Clausewitz Was Right: The Race to Tunis

By Robert M. Citino
2/18/2010 • Dwight Eisenhower, Fire for Effect

I’ve been taking my “US Army in World War II” class through the Tunisian campaign lately.  Nearly forgotten today (certainly compared to other campaigns of that war, especially the fighting in Normandy), it deserves more attention than we usually give it.  No campaign that I’ve studied better illustrates the complexity of modern military operations.  Indeed, they are always more difficult in reality than they appear to be in theory.

Consider this.  You land an immense Allied force on the Mediterranean shore of North Africa on November 8th, 1942.  Your objective: Tunis.  Unfortunately, to ensure a safe landing out of the range of German air power in Sardinia and Sicily, your closest units (the “Eastern Task Force”) have to land over 500 miles away from the objective.  The units most distant (General George Patton’s “Western Task Force”) actually land in another ocean altogether, the Atlantic.  They’re 1000 miles away from Tunis, and might as well be on another planet for the opening stages of the campaign.  The much ballyhooed (by historians) “race for Tunis” really isn’t much of a race, or at least it shouldn’t be.  The Germans begin transferring troops there by air almost immediately after your landing, on November 9th, to be precise.  You’re already in motion, too, moving smartly along the Algerian coast to the east:  an amphibious landing in Bougie 100 miles from Algiers, a combined amphibious landing/paradrop at Bône, 125 miles more.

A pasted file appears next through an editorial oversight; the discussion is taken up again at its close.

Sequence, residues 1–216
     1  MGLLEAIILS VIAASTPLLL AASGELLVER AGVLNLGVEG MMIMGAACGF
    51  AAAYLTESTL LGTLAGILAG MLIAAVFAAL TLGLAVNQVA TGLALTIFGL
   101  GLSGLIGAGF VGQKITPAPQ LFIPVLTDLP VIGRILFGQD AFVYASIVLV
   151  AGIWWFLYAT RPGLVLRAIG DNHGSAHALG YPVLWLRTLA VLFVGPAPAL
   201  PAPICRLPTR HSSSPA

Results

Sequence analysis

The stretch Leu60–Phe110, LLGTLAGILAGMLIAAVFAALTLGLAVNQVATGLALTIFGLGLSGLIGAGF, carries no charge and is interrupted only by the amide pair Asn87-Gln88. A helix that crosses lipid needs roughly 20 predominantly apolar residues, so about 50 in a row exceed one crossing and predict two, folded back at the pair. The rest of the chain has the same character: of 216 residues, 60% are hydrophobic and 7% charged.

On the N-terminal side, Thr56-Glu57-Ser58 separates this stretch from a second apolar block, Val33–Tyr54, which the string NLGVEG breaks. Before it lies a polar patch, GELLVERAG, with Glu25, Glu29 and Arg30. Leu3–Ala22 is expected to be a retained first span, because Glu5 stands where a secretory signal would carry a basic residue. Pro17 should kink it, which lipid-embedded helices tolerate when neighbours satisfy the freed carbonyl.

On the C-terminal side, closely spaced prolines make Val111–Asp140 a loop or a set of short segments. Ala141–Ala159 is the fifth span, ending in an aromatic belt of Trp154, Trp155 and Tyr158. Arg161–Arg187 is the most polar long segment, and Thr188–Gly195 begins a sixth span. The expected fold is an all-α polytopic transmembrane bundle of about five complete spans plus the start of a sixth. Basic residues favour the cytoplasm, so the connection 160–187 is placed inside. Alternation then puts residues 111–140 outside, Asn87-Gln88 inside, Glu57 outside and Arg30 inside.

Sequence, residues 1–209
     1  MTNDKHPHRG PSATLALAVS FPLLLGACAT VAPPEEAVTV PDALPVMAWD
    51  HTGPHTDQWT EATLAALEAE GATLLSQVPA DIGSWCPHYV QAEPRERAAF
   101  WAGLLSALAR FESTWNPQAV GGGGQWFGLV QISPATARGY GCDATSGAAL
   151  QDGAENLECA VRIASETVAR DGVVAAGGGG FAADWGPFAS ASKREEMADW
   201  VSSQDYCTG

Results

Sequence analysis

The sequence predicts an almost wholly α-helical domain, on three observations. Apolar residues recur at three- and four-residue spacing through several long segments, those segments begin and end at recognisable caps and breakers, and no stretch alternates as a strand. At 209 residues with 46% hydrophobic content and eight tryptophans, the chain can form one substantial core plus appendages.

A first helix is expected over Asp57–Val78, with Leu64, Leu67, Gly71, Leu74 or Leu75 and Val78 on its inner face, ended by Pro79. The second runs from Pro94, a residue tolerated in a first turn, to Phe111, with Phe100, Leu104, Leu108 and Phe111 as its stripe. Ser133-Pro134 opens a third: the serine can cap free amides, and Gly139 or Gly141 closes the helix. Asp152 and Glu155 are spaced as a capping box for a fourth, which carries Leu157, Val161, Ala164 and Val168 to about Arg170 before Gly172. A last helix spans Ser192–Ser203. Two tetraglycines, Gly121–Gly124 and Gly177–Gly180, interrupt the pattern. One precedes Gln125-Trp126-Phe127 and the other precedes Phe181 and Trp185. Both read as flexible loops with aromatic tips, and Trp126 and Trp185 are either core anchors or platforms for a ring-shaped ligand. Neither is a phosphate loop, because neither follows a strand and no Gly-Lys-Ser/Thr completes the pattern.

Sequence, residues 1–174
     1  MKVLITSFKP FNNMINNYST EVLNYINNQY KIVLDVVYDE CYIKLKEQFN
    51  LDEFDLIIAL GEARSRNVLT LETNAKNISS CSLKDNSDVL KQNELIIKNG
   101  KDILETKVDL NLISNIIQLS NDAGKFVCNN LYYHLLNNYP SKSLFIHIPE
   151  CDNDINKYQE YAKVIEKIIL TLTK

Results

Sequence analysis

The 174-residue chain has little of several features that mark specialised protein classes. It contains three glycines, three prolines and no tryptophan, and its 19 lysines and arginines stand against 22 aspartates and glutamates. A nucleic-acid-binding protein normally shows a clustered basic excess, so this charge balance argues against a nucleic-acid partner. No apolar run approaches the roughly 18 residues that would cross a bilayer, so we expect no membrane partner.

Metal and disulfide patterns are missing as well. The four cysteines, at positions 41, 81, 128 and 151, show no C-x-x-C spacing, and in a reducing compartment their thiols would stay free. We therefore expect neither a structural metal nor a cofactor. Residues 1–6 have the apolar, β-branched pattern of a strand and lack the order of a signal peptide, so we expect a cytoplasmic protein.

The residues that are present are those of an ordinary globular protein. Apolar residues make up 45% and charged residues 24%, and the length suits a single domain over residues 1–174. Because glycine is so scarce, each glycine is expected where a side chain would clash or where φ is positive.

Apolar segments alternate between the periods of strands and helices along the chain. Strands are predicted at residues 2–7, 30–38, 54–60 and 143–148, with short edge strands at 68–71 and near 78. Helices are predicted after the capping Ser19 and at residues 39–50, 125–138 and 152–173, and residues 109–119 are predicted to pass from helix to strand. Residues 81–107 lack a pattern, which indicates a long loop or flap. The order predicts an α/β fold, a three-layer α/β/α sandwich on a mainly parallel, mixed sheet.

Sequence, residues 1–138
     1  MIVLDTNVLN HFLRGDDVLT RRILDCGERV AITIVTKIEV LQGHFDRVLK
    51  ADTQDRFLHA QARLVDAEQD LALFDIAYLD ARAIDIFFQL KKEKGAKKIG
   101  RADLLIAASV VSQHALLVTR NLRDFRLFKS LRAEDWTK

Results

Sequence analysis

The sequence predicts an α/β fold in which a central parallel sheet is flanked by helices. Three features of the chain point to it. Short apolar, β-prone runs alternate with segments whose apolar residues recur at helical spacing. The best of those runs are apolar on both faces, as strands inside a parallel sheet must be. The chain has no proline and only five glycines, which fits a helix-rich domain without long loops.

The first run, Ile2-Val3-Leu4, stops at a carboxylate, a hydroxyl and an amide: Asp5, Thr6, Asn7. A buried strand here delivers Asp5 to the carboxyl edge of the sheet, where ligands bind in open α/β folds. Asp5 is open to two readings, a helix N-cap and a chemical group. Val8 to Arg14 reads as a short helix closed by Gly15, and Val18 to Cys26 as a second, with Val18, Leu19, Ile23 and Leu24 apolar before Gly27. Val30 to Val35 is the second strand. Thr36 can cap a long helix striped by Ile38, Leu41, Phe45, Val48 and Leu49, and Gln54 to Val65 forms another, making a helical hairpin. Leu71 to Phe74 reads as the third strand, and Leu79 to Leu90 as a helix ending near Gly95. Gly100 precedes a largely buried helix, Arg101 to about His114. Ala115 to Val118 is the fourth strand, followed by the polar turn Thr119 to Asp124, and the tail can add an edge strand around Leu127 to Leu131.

So far, so good.  As the Allied commander (either the supremo, US General Dwight D. Eisenhower, or the British 1st Army commander, General Richard Anderson), you’re eating up the miles, and there is no opposition to speak of in front of you. Who knows?  Maybe you’ll take Tunis after all.
From the start, however, you’re also finding it difficult to concentrate troops forward, to get the men from their landing zones hundreds of miles away up to the front over an indifferent or altogether inadequate road network.  Your lines of communication are immensely long, and get longer with each step forward.  As a result, huge numbers of your men have to stay behind to help bring the supply, fuel, and ammo to the fighting units.  Guarding that mountain of supplies you’ve brought along takes thousands of troops, and pilfering by the local population–from petty theft to grand larceny–is a serious problem from day one.  It all adds up to a huge drain on the amount of combat power you can get forward.  By December, the quartermaster is telling you that you have 120,000 men in North Africa, but fewer than 12,000 of them are actually at the front.  You make a pretty good run at Tunis after all–the Germans are having their own difficulties deploying there–but in the end you lose the race. 

To later historians and readers, it all seems to so simple.  Land a huge force, get them forward, overwhelm your enemy, and be done with it.  But the great Prussian sage Clausewitz had this one exactly right:  “In war,” he wrote, “everything is simple, but the simplest thing is difficult.”

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